W3C home > Mailing lists > Public > public-html@w3.org > October 2008

Re: <q>

From: Sam Kuper <sam.kuper@uclmail.net>
Date: Wed, 29 Oct 2008 22:35:30 +0000
Message-ID: <4126b3450810291535t7c64fb01qf4c3fe51281c8a60@mail.gmail.com>
To: "Justin James" <j_james@mindspring.com>
Cc: "Daniel Glazman" <daniel.glazman@disruptive-innovations.com>, "HTML WG" <public-html@w3.org>
2008/10/29 Justin James <j_james@mindspring.com>

> I found it on Amazon's French site. This book is 196 pages long. The idea
> that someone should need to read this book (in its original language) and
> understand it, all in order to implement the <q> tag is absurd.


I'm certainly not proposing that all UA authors *must* read the book to
implement the <q> tag well.

At worst, they'd have to read only a small part of it (and small parts of
comparable works for other languages too). But the best solution, which I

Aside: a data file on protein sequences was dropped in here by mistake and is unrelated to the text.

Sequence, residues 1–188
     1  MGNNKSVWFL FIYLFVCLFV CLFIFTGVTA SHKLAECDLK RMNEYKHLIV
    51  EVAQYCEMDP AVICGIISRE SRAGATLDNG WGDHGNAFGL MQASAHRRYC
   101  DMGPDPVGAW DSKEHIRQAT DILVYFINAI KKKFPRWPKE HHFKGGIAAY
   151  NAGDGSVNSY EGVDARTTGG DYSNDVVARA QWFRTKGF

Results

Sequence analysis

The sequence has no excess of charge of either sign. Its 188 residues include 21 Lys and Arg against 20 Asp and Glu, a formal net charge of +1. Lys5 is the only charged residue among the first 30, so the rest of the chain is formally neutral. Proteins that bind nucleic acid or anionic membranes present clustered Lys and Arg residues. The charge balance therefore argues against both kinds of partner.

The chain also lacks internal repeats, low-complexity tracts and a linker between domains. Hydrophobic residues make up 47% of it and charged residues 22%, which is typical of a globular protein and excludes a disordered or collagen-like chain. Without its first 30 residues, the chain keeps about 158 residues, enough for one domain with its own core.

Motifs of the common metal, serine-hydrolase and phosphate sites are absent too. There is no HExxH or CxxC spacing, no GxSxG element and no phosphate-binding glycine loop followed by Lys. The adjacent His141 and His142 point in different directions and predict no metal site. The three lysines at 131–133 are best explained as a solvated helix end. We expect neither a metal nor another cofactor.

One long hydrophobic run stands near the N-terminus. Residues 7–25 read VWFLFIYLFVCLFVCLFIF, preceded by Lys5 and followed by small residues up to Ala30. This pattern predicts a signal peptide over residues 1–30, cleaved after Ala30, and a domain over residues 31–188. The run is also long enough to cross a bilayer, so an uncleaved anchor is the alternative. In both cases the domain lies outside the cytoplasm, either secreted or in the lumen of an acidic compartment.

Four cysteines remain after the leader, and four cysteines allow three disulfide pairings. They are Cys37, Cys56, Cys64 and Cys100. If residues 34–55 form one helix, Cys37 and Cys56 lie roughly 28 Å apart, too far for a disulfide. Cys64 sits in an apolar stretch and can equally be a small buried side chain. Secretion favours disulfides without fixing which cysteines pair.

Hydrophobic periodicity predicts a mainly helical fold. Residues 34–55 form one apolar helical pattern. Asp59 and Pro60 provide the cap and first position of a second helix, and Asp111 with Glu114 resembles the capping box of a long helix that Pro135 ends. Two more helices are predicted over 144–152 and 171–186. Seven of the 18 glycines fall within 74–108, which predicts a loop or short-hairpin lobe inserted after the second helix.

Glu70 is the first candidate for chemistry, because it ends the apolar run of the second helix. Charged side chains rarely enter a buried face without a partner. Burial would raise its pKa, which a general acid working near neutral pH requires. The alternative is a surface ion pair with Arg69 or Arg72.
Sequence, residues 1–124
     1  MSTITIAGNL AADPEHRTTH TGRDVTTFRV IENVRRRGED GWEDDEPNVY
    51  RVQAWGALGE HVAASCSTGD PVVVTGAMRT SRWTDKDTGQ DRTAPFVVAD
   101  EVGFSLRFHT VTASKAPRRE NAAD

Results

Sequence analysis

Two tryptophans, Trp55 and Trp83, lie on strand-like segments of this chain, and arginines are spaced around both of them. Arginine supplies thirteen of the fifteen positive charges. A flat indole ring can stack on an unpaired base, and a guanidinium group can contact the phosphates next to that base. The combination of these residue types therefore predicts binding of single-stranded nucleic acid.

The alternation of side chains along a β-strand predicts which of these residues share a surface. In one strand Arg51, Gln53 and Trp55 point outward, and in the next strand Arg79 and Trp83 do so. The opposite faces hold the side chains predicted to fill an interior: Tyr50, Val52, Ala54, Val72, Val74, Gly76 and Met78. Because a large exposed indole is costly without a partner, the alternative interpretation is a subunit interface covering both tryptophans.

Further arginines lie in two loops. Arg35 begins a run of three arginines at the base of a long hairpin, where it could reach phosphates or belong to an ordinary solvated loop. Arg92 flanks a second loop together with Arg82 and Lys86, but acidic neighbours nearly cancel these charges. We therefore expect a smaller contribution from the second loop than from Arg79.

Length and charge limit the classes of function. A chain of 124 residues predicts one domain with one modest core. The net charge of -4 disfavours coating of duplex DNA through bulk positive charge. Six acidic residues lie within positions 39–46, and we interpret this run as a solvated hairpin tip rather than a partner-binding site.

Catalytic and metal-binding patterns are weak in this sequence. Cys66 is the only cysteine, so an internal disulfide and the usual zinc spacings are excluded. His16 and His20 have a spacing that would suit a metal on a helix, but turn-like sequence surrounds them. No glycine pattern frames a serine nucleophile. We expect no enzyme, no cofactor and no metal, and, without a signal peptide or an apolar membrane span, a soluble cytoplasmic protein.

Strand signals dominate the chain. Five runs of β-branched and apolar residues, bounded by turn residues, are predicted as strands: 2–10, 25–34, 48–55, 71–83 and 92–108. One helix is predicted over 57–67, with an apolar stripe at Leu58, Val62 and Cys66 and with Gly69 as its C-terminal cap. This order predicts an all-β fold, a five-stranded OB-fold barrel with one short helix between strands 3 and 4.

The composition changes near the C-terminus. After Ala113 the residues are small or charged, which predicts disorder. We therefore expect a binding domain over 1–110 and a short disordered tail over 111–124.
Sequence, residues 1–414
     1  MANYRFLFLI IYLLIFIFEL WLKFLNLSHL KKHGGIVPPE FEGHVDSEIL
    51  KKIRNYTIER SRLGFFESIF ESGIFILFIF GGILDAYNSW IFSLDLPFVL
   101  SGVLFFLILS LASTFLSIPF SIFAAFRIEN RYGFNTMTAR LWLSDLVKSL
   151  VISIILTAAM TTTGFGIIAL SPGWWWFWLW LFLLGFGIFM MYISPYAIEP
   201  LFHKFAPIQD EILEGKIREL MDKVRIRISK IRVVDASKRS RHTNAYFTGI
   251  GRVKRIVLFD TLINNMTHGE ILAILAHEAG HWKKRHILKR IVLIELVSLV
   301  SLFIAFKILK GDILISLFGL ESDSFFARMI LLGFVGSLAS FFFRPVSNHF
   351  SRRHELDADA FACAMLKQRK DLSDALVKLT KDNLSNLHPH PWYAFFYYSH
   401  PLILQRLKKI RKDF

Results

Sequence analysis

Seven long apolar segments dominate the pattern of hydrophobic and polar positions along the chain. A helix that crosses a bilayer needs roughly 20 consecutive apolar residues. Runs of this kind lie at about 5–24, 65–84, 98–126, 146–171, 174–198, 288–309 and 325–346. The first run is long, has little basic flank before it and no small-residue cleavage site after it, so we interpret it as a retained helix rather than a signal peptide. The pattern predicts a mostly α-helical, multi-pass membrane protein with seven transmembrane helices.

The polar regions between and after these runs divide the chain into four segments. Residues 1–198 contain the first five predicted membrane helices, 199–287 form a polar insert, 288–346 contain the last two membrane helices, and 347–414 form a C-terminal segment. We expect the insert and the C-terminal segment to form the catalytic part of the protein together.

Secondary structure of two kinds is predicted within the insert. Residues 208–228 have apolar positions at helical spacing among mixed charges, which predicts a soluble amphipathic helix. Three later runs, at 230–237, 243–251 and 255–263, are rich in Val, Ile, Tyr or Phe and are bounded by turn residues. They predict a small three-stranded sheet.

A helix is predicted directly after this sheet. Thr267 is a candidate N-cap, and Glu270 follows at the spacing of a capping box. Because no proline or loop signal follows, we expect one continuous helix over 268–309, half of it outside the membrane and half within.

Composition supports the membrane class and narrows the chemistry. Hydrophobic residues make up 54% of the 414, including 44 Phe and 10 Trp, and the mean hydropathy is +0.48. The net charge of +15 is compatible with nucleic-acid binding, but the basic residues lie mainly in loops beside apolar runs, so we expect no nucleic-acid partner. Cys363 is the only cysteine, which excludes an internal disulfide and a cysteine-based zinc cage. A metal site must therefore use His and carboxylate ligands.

outlined previously in this thread, would be to make a pre-digested ruleset
(informed by the French standard and comparable works for other languages)
available as part of the HTML 5 spec, or referenced from it, so that UA
authors wouldn't have to go to (re-)interpret the typographical standard
source documents at all.


> And an author needs to do the same in CSS if they need to use a "grammar"
> that is not implemented by a browser vendor?


No, not at all.

Regards,

Sam
Received on Wednesday, 29 October 2008 22:36:06 GMT

This archive was generated by hypermail 2.2.0+W3C-0.50 : Wednesday, 9 May 2012 00:16:24 GMT